Call us on 01908 397777 to book a appointment or request an appointment online, selecting our Stoke Road branch and your preferred day of either Tuesday or Thursday.
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Still be prepared for Fireworks 2020 – MK Vet Group’s tips for this season

Milton Keynes Veterinary Group
November 2020 is likely to be a very different Fireworks night. With a lack of larger public displays, we expect there will be a big increase in smaller home events. Therefore it is potentially even more important than ever to make sure you prepare your pet for this fireworks period.

We appreciate this time of year can be a stressful time for pets as well as their owners, with over 40% of dogs and a high population of cats in the UK suffering from a fear of fireworks.

Tips and ideas from MK Vet Group to help your pets during this time:
  • Keep your pet indoors prior to when the fireworks are expected to begin. Remember to secure the cat flap if you have one
  • Keep all doors and windows securely closed
  • Make sure curtains are also pulled to muffle sound and block the light from the fireworks
  • Keep internal doors open so your pets don’t feel enclosed or trapped
  • Turn on the TV, radio or play music as background noise, it is a good idea to have this on in advance to the fireworks beginning
  • Create a safe place for your pet to go when they feel stressed, this could be their bed or you can create a den
  • Walk your dog earlier in the day to avoid the times when fireworks are expected to be started, and keep them on their lead at all times
  • Make sure our small mammals are lock up in their hutches and cover their hutch over with a blanket to muffle noise
  • Provide your cat with a litter tray if they are used to toileting outside
  • Feed your pet their usual meal before the fireworks are expected to begin
  • Make sure that your pet is wearing a ID tag and that their microchip details are up to date in case they do manage to escape
  • It is important to avoid any form of punishment if your pet reacts to fireworks, this can lead to further anxiety
  • Comforting your pet when they are scared is an area of controversy. Definitely try to be at home on days around fireworks night when there is likely to be the highest number of displays. It is advised that you don’t pay too much attention or ‘fuss’ over your pet when they are worried, as this can reinforce the fearful behaviour. For some individuals, it may help to hold them firmly and lean into them, while using long, firm massaging strokes rather than normal petting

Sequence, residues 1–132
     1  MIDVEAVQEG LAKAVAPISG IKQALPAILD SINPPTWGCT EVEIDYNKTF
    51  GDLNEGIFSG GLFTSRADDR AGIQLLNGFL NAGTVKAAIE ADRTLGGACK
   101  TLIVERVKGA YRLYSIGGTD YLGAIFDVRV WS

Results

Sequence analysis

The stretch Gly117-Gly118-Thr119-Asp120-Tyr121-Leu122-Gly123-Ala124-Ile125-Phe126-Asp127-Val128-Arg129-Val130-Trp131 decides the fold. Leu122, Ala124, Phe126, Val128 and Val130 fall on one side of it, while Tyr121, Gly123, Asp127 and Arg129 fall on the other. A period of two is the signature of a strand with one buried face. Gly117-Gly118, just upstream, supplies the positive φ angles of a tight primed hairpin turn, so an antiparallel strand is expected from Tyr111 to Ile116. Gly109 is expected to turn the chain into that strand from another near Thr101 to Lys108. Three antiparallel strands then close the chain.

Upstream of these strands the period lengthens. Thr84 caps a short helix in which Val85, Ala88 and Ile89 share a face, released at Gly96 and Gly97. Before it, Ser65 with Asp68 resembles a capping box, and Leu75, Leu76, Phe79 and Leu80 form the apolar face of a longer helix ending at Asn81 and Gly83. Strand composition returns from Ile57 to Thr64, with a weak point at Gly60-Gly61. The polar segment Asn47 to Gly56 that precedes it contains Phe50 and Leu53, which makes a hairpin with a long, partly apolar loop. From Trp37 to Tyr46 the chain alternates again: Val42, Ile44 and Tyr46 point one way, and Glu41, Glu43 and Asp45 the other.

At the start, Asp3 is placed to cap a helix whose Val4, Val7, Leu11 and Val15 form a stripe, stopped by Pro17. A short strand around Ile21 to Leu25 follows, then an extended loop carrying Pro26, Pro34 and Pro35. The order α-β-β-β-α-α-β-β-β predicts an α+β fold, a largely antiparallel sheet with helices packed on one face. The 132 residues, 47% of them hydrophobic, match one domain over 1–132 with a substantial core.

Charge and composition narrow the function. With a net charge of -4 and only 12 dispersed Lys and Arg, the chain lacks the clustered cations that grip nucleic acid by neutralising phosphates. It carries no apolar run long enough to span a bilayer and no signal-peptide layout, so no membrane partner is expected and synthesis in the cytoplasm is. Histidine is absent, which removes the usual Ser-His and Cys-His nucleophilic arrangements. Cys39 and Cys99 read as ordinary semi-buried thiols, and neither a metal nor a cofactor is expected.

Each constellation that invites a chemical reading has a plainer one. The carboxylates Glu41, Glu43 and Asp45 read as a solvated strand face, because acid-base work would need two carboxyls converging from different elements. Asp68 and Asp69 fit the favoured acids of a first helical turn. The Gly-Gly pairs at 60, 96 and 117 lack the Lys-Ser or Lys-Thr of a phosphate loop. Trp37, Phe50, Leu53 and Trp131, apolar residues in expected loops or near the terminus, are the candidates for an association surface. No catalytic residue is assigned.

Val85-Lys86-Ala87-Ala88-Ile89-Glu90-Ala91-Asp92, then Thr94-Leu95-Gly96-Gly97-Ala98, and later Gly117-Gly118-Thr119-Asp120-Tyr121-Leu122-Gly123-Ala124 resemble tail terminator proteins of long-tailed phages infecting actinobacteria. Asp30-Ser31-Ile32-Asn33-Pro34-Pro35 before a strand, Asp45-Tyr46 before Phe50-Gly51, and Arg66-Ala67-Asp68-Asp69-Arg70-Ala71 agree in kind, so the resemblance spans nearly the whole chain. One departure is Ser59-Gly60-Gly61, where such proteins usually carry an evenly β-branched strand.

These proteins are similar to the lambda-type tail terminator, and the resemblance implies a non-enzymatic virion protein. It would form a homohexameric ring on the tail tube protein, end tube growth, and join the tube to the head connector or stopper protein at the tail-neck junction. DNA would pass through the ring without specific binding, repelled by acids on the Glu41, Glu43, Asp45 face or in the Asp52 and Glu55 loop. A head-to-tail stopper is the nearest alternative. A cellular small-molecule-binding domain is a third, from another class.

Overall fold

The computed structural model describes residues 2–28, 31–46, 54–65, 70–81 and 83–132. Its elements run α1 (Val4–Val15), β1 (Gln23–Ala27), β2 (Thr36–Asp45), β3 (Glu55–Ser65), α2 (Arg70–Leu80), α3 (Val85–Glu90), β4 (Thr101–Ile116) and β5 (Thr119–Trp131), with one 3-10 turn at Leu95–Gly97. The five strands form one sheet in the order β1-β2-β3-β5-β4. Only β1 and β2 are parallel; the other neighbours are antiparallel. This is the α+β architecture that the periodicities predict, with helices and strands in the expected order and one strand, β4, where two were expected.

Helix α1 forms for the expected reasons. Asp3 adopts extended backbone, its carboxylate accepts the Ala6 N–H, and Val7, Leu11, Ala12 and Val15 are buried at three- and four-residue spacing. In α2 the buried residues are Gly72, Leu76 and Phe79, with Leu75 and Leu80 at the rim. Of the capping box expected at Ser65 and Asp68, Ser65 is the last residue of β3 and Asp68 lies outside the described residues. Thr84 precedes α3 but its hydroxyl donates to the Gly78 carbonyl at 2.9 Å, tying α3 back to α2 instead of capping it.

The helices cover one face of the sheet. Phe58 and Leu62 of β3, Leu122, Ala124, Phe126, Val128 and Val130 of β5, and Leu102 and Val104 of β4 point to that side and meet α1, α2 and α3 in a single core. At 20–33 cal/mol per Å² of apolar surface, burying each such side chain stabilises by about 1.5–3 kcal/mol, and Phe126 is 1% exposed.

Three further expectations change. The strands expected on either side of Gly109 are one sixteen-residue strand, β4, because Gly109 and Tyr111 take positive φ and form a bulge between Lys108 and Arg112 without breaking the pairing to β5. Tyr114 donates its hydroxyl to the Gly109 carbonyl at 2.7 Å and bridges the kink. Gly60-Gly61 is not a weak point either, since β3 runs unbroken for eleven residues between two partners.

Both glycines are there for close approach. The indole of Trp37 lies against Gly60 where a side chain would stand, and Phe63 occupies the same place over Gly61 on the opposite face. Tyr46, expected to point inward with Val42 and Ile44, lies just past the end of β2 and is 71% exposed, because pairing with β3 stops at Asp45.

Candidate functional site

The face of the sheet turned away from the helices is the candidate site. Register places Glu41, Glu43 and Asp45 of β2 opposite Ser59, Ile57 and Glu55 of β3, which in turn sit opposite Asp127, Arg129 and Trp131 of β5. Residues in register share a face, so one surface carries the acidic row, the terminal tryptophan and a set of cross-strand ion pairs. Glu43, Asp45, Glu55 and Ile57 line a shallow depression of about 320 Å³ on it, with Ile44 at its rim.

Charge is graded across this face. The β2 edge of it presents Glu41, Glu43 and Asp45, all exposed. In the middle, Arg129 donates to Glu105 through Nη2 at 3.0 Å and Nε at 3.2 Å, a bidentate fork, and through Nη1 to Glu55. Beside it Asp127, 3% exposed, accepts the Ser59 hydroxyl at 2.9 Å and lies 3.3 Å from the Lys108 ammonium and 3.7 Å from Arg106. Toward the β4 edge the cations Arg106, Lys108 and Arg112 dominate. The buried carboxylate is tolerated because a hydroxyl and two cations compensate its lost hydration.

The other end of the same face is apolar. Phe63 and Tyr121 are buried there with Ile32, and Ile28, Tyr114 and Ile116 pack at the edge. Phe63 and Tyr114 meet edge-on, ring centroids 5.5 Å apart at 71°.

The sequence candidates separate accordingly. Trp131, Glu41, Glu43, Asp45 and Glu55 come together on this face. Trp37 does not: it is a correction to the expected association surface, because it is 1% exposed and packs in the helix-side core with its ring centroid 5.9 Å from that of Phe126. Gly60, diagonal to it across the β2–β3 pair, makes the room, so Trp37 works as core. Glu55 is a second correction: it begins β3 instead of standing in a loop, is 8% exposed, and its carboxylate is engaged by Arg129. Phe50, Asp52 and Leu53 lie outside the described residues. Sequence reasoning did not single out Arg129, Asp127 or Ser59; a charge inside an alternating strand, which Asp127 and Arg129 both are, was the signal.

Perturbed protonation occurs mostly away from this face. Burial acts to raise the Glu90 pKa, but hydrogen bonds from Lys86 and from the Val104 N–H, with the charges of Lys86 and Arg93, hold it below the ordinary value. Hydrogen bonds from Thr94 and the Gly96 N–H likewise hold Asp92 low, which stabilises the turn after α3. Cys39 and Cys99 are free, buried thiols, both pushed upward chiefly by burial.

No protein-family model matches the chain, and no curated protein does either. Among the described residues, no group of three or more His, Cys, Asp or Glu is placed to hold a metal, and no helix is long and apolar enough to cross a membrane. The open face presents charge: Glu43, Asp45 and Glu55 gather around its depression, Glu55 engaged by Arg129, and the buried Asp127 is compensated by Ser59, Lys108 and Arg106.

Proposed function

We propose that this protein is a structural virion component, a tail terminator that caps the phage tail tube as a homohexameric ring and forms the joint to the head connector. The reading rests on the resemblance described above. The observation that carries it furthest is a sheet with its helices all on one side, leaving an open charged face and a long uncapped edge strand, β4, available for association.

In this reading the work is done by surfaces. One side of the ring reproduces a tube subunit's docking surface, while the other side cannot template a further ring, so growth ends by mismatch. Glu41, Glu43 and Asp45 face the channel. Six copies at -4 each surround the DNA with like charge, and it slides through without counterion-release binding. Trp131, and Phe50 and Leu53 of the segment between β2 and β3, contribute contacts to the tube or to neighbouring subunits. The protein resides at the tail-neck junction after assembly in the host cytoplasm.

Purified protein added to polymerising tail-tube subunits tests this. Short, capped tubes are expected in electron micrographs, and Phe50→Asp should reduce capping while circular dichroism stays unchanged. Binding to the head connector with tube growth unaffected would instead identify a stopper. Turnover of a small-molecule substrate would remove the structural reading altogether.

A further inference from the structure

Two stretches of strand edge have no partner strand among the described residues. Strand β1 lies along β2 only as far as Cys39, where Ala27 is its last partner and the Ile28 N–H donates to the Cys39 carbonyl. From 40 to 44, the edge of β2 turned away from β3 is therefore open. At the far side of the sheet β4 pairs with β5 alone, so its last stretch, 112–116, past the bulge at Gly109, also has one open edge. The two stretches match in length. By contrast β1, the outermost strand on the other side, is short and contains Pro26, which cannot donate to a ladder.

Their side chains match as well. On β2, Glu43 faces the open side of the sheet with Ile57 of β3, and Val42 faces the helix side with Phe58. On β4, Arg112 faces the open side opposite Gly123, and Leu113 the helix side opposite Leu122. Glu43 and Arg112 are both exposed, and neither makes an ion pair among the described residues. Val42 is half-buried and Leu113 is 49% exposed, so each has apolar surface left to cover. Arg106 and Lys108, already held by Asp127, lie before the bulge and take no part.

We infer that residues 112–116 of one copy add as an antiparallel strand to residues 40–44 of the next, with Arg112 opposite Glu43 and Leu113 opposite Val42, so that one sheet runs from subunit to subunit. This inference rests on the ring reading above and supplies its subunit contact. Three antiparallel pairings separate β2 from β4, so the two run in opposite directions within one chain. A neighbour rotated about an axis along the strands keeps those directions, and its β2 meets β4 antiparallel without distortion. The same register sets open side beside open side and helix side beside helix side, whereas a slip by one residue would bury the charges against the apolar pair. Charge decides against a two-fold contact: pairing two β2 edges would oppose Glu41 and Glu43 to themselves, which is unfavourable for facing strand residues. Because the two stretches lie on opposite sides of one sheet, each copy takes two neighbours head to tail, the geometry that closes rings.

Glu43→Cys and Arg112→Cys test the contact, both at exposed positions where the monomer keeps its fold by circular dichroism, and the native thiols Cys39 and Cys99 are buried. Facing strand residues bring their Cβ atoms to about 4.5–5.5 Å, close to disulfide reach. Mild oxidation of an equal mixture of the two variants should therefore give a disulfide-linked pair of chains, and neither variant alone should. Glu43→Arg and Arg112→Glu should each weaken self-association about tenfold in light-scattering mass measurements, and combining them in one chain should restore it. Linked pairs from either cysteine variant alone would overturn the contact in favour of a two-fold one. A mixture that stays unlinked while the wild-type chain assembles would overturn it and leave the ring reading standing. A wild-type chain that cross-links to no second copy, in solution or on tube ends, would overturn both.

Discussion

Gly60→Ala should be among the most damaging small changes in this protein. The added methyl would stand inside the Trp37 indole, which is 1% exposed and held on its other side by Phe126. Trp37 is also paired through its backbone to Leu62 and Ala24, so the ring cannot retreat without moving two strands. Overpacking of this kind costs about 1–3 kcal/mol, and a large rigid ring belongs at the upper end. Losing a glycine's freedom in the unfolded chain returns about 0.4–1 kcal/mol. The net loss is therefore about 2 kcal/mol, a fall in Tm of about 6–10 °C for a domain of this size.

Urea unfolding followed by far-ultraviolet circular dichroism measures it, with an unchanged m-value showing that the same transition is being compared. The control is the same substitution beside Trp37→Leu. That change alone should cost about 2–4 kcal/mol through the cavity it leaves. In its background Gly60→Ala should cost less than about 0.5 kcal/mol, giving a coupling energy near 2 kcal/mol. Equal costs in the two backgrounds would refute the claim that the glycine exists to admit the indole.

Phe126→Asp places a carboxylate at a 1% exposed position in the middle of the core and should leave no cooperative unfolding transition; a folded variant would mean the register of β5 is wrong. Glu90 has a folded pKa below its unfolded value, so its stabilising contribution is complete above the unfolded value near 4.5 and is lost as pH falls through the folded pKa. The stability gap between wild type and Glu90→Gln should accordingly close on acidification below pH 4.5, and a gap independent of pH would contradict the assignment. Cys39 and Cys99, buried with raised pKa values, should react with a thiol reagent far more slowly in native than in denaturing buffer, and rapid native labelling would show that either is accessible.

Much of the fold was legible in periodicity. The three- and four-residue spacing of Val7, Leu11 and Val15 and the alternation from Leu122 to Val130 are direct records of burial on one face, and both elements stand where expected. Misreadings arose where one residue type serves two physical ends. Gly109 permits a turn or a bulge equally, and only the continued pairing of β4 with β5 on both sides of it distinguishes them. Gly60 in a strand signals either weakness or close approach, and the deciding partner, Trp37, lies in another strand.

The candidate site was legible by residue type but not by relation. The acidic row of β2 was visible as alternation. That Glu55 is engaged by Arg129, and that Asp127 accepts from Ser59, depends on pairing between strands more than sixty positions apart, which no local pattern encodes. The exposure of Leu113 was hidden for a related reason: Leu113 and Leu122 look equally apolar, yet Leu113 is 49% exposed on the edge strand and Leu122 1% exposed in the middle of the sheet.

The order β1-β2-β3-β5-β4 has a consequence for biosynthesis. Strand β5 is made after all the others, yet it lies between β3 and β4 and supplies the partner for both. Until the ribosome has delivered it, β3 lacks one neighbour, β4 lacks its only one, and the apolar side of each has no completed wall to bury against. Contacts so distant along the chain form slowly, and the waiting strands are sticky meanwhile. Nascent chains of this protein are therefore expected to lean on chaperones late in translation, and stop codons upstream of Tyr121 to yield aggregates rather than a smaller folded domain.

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Don’t overlook your pet’s broken tooth

Milton Keynes Veterinary Group
Fractured teeth are a common injury in cats and dogs, with the majority involving fractured canines of the upper jaw. Damage is commonly caused by falls, running into objects, clashing teeth and road traffic accidents. In dogs, other objects that can damage teeth include raw hide, bones, sticks/branches, rocks, ice and other hard objects.

The radiograph to the right shows a case of pulpitis in a cat. The pulp cavity is the hollow area inside a tooth filled with sensitive pulp tissue (blood vessels, nerves and connective tissue). This commonly occurs when the tip of the tooth is fractured, allowing bacteria to enter the pulp cavity. Swelling of the pulp tissue prevents blood entering the root canal and the result is ‘death’ of the tooth. On the radiograph we can see widening of the pulp cavity compared to the normal tooth on the right, with evidence of an abscess at the apex of the root. On this occasion the affected tooth was extracted.

It is important to note that this problem was found during a routine dental, and the patient did not show any obvious mouth pain at the time, but the owner reported marked improvement in his demeanour and appetite following surgery. Due to high pain threshold and other instinctive behaviours, our patients rarely shows signs of pain and will often hide pain very well.

It is therefore important to never ignore a broken tooth in your pet.